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Ann Thorac Surg. 2010 Mar;89(3):787-93, 793.e1-2. doi: 10.1016/j.athoracsur.2009.11.032.

EuroSCORE performance in valve surgery: a meta-analysis.

Author information

1
Department of Cardiac Surgery, Unit for Clinical Research in Atherothrombosis, Centro Cardiologico Monzino IRCCS, University of Milan, Milan, Italy. alessandro.parolari@cardiologicomonzino.it

Abstract

BACKGROUND:

The European System for Cardiac Operative Risk Evaluation (EuroSCORE) was developed to predict immediate outcomes after adult cardiac operations, but less than 30% of the cases used to develop this score were valve procedures. We studied EuroSCORE performance in valve procedures.

METHODS:

We performed a meta-analysis of published studies reporting the assessment of discriminatory power of the EuroSCORE by receiver operating characteristics (ROC) curve analysis in adult valve operations. A comparison of observed and predicted mortality rates was also performed.

RESULTS:

A literature search identified 37 potentially eligible studies, and 12 were selected for meta-analysis comprising 26,621 patients with 1250 events (mortality rate, 4.7%). Meta-analysis of these studies provided an average area under the curve (AUC) value of 0.730 (95% confidence interval [CI], 0.717 to 0.743). The same results were obtained when meta-analyses were performed separately in studies categorized on reliability of uncertainty estimation: in the seven studies reporting reliable uncertainty estimation (8175 patients with 358 events; mortality rate, 4.4%), the ROC curve provided an average AUC value of 0.724 (95% CI, 0.699 to 0.749). The five studies not reporting reliable uncertainty estimation (18,446 patients with 892 events; mortality rate, 4.8%) had an average AUC of 0.732 (95% CI, 0.717 to 0.747). We documented a constant trend to overpredict mortality by EuroSCORE, both in the additive and especially in the logistic form.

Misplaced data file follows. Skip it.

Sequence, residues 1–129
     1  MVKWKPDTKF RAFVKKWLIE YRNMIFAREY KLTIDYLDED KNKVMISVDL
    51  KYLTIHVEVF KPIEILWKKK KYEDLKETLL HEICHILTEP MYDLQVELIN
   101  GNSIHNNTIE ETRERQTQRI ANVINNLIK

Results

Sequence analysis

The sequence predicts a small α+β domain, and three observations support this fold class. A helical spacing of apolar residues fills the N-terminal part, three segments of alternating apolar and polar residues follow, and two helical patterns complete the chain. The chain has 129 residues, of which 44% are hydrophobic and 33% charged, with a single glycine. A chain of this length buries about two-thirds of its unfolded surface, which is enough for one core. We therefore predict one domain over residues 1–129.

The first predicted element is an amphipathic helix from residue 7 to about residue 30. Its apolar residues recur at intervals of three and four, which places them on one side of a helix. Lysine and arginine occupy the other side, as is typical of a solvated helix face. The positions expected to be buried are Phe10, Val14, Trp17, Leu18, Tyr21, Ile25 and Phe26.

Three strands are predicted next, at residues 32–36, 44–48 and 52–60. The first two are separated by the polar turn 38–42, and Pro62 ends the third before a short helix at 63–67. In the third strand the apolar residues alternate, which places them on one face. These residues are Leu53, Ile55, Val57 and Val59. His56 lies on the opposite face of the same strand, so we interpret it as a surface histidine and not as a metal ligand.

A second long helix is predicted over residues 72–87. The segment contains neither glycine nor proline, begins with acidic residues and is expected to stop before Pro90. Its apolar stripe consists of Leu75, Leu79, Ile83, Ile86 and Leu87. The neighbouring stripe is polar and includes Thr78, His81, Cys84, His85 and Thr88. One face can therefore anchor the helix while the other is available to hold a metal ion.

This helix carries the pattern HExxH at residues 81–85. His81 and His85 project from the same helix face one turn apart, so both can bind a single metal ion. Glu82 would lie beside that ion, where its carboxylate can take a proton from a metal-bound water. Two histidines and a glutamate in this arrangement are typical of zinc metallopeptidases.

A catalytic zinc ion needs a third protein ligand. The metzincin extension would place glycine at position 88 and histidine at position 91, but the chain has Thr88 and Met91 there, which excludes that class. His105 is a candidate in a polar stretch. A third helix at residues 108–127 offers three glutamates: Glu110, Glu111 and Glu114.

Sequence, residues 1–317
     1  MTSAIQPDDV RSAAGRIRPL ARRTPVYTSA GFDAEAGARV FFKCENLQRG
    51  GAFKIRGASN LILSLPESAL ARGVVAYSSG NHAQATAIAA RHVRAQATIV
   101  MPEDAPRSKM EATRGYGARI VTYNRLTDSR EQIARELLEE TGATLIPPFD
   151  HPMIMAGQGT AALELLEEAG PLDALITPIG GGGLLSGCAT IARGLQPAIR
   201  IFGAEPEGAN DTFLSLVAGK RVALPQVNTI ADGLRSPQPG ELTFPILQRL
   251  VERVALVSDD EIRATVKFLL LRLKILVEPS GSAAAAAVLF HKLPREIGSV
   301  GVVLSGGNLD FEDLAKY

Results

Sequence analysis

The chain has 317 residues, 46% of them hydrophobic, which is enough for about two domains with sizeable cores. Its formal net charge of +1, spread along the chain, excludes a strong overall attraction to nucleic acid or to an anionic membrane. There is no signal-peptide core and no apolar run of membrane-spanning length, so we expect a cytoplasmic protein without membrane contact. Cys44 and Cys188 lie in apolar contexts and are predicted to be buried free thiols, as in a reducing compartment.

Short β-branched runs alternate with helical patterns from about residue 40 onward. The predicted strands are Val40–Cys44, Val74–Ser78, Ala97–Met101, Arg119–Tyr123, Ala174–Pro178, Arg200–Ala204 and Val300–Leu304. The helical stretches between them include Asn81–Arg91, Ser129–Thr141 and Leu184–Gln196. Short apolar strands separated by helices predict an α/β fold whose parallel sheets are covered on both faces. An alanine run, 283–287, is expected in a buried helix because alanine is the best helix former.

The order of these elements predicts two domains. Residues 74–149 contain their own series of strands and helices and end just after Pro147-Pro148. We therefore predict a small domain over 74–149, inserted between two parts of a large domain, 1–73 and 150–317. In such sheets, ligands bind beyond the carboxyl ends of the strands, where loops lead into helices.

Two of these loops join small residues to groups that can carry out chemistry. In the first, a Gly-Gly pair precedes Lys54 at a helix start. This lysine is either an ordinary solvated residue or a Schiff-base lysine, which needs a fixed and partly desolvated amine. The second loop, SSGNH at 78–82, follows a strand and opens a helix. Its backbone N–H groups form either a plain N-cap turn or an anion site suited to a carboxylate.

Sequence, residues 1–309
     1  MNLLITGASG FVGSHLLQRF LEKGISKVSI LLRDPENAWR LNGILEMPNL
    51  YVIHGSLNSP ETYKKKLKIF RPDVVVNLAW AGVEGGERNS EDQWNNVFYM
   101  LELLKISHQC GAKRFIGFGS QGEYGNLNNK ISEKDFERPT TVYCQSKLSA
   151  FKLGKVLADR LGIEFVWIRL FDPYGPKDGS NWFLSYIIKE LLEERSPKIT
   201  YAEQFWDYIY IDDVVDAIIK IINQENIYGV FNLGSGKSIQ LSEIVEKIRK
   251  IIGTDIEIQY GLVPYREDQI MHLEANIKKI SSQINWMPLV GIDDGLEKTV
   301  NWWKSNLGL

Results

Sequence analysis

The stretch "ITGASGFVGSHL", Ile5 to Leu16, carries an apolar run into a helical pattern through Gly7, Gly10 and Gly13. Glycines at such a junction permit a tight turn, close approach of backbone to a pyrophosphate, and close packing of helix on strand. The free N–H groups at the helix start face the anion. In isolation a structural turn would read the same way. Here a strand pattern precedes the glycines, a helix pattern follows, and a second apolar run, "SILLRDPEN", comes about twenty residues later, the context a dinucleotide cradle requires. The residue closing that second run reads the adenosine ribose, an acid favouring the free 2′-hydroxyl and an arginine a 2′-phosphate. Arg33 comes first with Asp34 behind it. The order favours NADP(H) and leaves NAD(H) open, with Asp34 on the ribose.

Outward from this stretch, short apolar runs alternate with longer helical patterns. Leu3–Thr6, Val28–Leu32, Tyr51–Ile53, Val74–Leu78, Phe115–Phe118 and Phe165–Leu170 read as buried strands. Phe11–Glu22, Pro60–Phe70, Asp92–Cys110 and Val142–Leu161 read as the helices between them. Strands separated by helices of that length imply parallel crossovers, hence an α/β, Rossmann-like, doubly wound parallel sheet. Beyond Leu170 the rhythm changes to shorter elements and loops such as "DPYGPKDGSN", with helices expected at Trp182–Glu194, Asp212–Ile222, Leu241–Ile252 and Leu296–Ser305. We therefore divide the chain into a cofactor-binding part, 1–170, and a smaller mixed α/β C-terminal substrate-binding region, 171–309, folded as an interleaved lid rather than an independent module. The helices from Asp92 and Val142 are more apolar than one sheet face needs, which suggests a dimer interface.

CONCLUSIONS:

The EuroSCORE has low discrimination ability for valve surgery, and it sensibly overpredicts risk. Alternative risk scoring algorithms should be seriously considered.

[Indexed for MEDLINE]

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